That’s because, as the vaccine’s developers are fond of boasting, the vaccines are complex. These vaccines are the result of many inputs, most of which have been protected by intellectual property that grants the owners of the intellectual property an exclusive right to use them. Those protections include dozens of patents, but also a host of trade secrets ― from technological know-how to lipid recipes, copyrighted manuals and clinical trial data ― needed to actually make use of the patented components of the COVID-19 vaccine.

Getting compulsory licenses on each element would take years and may not cover the thicket of intellectual property rules restricting replication of those nonpatented-but-still-proprietary elements of vaccine production.

South African trade minister Ebrahim Patel met with Ambassador Tai on Tuesday. South Africa and India lead a group of developing nations seeking an IP waiver for the COVID-19 vaccine.
Ebrahim Patel, South Africa’s trade minister met Ambassador Tai Tuesday. India and South Africa lead the group of countries seeking to obtain an IP waiver in respect of COVID-19.
Gallo Images.Getty Images

The EU’s counter-proposal comes to light ahead of important WTO negotiations. Ambassador Tai met with South Africa’s trade minister, Ebrahim PatelTuesday Conducting is her job. unspecified meetings with other WTO counterparts at the WTO’s headquarters in Geneva, Switzerland, on Wednesday. TRIPS supporters hope the WTO members will reach a deal before the year ends.

The disagreements over TRIPS waiver have forced the U.S. to form an unlikely alliance of developing countries with the U.S. This has triggered a discussion among rich nations on the best way to combat the spread COVID-19.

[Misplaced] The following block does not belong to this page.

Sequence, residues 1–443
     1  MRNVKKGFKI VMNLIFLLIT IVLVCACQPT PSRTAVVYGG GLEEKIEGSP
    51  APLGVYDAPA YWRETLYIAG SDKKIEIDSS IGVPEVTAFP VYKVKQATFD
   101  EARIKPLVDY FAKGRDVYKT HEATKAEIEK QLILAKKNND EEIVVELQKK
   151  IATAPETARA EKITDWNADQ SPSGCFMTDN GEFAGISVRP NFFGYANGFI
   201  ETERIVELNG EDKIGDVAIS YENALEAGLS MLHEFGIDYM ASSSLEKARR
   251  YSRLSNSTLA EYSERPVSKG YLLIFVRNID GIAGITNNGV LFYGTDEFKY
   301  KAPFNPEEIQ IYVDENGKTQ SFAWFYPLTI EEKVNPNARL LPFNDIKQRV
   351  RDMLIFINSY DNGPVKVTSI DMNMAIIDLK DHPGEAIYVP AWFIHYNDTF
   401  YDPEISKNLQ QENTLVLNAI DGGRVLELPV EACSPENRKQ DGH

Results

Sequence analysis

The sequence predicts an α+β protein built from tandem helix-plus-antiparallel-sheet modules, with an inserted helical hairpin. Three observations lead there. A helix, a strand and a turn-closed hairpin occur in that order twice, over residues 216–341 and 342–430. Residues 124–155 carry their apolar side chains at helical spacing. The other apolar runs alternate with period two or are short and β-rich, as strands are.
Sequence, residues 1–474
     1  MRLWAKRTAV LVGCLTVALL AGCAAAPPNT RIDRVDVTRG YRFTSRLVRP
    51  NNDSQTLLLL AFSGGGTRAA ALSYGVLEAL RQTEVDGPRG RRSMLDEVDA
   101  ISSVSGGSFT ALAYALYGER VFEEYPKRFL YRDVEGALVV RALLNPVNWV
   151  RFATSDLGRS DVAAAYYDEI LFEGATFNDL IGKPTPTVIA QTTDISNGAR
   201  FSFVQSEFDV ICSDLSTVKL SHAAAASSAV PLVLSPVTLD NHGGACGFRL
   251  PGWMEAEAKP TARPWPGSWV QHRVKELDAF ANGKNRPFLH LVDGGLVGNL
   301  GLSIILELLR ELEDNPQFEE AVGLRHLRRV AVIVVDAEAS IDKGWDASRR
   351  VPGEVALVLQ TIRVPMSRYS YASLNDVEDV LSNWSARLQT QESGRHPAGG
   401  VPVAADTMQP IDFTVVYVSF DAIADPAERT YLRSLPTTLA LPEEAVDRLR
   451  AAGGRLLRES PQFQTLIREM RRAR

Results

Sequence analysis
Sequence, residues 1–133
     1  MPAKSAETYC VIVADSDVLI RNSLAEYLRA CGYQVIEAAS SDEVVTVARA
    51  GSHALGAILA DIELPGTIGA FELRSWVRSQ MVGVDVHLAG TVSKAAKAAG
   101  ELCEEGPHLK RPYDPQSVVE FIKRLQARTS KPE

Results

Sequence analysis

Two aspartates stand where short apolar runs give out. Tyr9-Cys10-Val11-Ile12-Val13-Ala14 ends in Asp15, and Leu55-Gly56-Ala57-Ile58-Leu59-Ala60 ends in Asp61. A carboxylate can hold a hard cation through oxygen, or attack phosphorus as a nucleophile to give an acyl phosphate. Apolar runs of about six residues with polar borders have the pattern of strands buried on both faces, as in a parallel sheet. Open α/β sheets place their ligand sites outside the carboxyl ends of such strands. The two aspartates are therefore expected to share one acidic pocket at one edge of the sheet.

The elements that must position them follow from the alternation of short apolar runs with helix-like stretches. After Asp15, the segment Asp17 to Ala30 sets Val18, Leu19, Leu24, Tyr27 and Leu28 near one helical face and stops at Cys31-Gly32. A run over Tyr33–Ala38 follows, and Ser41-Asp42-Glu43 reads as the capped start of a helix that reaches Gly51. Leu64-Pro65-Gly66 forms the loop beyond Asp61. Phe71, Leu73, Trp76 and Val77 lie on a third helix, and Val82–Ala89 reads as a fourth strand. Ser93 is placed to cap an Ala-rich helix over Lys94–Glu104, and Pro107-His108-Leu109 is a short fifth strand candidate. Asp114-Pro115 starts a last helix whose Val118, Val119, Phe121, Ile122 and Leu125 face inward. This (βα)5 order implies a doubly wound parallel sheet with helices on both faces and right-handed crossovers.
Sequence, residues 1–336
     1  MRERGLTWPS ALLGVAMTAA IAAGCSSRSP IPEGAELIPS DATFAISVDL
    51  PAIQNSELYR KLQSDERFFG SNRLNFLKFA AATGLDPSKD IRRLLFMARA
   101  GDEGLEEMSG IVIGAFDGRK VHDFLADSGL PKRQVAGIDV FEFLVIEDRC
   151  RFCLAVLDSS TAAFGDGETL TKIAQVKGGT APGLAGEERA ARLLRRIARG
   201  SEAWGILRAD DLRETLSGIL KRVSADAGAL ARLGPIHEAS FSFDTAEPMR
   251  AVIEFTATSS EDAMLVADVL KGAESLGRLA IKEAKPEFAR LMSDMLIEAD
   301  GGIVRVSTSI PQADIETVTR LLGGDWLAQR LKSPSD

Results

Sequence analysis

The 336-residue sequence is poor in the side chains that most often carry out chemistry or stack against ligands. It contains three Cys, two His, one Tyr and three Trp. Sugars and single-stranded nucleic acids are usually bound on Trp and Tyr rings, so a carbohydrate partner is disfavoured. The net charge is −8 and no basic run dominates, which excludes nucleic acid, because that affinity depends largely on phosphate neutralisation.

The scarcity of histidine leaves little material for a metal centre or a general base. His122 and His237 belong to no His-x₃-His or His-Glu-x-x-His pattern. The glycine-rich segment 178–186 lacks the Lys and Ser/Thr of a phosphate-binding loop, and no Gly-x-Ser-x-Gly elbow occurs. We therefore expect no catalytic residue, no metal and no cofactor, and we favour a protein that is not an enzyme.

Acknowledging the entire world’s continued vulnerability to the persistence of the COVID-19 pandemic in the developing world, the governments of the US., EU and other developed nations have sought to donate vaccine doses through an international program called Covax.

Covax is unable to meet the demand for COVID-19 vaccinations in developing countries. At the September end, 56 countries with low income had been vaccinated less than 10%According to the World Health Organization, they represent a quarter of all their population.

In order to avoid such an outcome, the WTO was petitioned by a group consisting of India and South Africa. October 2020TRIPS waiver is available for COVID-19 vaccinations and the treatments that are associated with them. The group of countries ― some of which are home to big generic drugmakers ― argues that rapid vaccination of the global population requires a significant increase in vaccine production that only temporarily waiving intellectual property rules can enable.

They argue that even though the waiver is in effect, pharmaceutical giants and their supporters from wealthy nations claim that it would be impossible for the developing world to produce the vaccine on a mass scale.

But developing nations ― and the affordable medicine advocates in their corner ― insist that a TRIPS waiver is a prerequisite for acquisition of that know-how and capacity without fear of devastating legal consequences.

A waiver might also allow brand-name pharmaceutical firms that are reluctant to broker license agreements with generic drugmakers to come to the table. This could increase the likelihood that companies from developing nations will ultimately reverse-engineer the products of their clients without any legal repercussions.

The pharmaceutical companies that make brand names have been happy to restrict their sales to rich countries capable of spending top dollars, while forcing the poorer nations to buy less. “Hunger Games”-style bidding warThe remaining doses can be found here.

If the EU gets its way, however, waiver proponents fear that the WTO will simply buy additional time for brand name pharmaceutical companies to scale up their production capacity so they can sell vaccine doses to developing countries at sky-high prices, on their own prolonged timetable ― without changing the global intellectual property regime that protects pharmaceutical industry profits.

“By kicking the can down the road, the Pfizers and the Modernas can get more efficient and more to scale, and they’ll say, ‘Oh look, the current supply is going to meet demand,’” Amin suggested.

Source: HuffPost.com.

Share Your Comment Below

LEAVE A REPLY

Please enter your comment!
Please enter your name here